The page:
Finally I come upon the “tank”. I had high hopes for it yet knew not to get to overly excited and prepared myself for the worst. It was a big brown pool that was surrounded by cow hoof prints and shit. I made the decision to take my lunch here and filter a liter of water because it was another 13 miles to the next water source which was a dangerous distance for me to be going 23 miles on only one liter. I sat down and took my pack off and looked for the best way to walk up to the water’s edge. It was all boggy and super muddy around the edge so I tried building a stone bridge through the mud to get there without losing a shoe in the deep mud. While I was constructing it I looked to the other side of the pond and noticed that somebody had already had the bright idea and hopped on over to use the pre-existing stone walkway. I walked over it and up to the water’s edge and knelt down with my water bottle to fill it up. It was in this single moment that I realized I couldn’t bring myself to do it. I wasn’t on the brink of dehydration yet and this was a desperate man’s water source. It REAKED of cow shit and was lined with a sludge and a green slime. I wasn’t on this water’s level, yet.
Returned to my pack and sat there disappointed. I wanted to cook and drink my fill, we call this “cameling up”. I also wanted to “tank up” too which means I fill all my water bottles and bladder. No such luck. I tried to eat as much energy as I could here as I knew I would need every ounce of it in my body for the long trek to the next possible water source which was a spring. This spring could be dried up or flowing, there was no telling. The idea of making a liter last 23 miles sounded horrible but the prospect of getting to this spring and discovering that it is dried up was rattling me even more.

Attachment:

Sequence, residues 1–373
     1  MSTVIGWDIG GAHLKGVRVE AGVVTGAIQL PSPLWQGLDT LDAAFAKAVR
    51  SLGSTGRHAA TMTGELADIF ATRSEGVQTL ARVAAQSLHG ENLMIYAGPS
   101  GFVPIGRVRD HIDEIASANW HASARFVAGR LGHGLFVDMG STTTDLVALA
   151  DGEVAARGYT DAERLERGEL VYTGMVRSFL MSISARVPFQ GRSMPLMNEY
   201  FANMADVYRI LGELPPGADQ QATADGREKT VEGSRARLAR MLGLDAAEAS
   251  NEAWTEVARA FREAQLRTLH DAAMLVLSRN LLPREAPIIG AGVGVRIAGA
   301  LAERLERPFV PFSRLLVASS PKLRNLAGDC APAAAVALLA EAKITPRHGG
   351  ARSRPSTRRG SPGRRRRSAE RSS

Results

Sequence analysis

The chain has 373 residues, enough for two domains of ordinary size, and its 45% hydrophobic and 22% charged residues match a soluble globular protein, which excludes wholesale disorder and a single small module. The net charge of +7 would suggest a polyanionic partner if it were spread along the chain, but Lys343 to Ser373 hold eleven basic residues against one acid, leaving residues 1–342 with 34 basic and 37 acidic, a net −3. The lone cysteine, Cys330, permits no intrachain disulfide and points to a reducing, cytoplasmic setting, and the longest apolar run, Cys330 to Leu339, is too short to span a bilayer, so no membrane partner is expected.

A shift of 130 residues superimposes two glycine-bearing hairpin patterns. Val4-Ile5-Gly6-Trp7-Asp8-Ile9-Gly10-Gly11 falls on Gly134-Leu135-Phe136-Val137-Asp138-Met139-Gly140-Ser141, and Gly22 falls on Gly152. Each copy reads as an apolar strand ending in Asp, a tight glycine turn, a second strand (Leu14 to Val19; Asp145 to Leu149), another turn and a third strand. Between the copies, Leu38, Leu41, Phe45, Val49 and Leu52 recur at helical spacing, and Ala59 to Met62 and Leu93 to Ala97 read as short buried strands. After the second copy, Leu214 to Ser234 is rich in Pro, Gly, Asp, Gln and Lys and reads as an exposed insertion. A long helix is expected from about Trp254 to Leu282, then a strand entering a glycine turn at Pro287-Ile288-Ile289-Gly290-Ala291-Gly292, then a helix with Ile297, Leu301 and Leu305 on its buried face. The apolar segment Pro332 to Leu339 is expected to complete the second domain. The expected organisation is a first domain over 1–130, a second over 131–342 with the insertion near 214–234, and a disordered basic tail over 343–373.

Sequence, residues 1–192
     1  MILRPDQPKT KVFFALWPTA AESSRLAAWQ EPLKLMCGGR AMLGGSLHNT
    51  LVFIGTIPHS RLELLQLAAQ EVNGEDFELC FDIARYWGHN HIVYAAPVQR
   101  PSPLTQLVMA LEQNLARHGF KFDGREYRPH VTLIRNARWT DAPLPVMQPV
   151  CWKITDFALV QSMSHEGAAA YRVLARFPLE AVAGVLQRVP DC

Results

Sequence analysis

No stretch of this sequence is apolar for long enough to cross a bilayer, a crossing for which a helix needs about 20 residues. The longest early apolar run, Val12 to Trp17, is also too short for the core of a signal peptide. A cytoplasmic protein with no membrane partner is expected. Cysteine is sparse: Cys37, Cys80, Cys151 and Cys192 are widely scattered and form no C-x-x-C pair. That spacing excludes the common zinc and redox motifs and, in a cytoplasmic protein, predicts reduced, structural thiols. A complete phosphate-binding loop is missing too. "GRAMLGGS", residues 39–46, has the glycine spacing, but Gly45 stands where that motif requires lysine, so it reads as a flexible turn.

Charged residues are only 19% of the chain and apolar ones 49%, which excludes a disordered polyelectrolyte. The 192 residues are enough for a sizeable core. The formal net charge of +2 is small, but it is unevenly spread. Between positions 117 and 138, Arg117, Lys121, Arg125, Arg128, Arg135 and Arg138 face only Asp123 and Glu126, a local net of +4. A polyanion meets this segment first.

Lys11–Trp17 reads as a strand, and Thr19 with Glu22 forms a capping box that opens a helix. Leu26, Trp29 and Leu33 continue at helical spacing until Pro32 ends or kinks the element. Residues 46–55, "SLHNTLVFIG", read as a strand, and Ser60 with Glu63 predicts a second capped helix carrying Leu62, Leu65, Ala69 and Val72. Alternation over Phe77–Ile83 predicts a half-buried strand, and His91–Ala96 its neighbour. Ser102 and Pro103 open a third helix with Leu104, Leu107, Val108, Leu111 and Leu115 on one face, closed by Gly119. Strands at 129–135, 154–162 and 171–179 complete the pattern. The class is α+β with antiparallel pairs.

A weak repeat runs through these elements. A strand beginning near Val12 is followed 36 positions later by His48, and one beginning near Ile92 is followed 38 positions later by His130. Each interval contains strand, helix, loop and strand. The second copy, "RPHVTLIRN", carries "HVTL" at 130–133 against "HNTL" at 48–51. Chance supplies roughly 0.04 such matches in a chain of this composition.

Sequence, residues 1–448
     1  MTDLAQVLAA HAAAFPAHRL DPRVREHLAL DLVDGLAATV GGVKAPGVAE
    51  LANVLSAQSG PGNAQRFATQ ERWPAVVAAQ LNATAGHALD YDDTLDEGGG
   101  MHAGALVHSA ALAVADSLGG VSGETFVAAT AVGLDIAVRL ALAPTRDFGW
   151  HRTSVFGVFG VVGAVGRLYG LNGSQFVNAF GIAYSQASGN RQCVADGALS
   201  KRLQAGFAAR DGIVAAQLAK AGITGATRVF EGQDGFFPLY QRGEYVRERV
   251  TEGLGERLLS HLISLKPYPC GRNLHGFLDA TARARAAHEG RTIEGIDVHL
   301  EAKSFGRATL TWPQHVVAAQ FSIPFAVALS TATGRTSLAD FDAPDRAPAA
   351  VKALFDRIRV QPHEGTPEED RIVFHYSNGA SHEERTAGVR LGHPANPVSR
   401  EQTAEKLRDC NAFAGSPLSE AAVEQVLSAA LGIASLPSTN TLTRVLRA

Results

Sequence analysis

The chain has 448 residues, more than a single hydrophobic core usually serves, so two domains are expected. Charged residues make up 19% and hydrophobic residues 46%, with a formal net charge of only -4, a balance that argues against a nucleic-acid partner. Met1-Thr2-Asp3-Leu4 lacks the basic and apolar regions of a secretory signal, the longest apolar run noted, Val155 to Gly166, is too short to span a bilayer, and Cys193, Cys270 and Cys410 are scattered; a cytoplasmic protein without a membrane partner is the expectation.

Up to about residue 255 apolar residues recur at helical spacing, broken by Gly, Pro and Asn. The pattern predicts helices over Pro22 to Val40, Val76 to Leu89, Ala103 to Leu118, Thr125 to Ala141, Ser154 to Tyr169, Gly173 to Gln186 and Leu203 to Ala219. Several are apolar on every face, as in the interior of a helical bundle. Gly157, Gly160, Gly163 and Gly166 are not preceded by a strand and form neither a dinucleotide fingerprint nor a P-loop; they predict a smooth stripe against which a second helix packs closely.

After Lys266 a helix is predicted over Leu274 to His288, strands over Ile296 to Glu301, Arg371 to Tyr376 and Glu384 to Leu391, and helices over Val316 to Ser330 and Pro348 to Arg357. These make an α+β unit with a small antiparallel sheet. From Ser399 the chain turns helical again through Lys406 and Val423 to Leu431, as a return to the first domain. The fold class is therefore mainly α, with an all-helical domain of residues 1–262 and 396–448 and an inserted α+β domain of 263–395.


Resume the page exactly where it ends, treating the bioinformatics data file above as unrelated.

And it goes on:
Time to push the fight north towards the spring. I picked up the pace a little bit as I was feeling the need to make it before dark. The miles seemed to take forever and I couldn’t help but begin to feel the reality of no water crashing down on me. The further and faster I went the drier my mouth got, I would take quick and short sips from my hose’s mouth piece. The more the day wore on the lighter my pack got which meant the emptier my water bladder was getting. With each sip I anticipated it being dry. Finally about 4 miles from the spring, I tried to take a pull off my hose and all of sudden, nothing. I hate walking up to water sources dry. I always like to keep a half liter in my pack in case the water source is dry. Shit out of luck this time. Luckily by this time the intensity of the sun had waned as it receded lower and lower into the evening sky. By the time I had reached the place where I thought the spring would be I was sapped of energy and was pretty damn ready for a substantial amount of water consumption. But where the spring was supposed to be was merely a trail head to where the spring was, a half mile off trail. At this point I didn’t care how far off trail it was, I was going to it no matter what. I had to. I had no other choice. Luckily I had noticed footprints of other hikers who were a day or two ahead of me going in this direction as well, so at the very least I knew I wasn’t alone in my need for water. I followed the trail down into a canyon and my though was that the spring was in the canyon but when I got there I knew this was impossible as the whole canyon was dry, bone dry. Now the panic meter started. I began frantically looking up and down the canyon for ANY possible surface water of any kind at all. It was during this frantic search that I noticed that the trail actually continued on up the other side and out of the canyon. What a freaking relief that this dried up canyon wasn’t the location of the spring. I trudged up the other side of the canyon and continued on to the next canyon, a much more substantial geographic feature. I descended into the depths of it as the sun begun to set over the cliff walls on the other side. This thing had better have water. As I get lower I see two large concrete water tanks, one appears to be completely bone dry but the other I can make out a reflective surface in it. No matter what, that water was going to be mine, whether it was clean and clear, or infested with algae and dead or living organisms. When I arrived I was BEYOND relieved that there was fresh flowing spring water coming out of a pipe from the ground and into the tank. I literally thanked God out loud multiple times. I don’t think I was in jeopardy of being dangerously dehydrated but had it been the heat of the day it may have been a different story.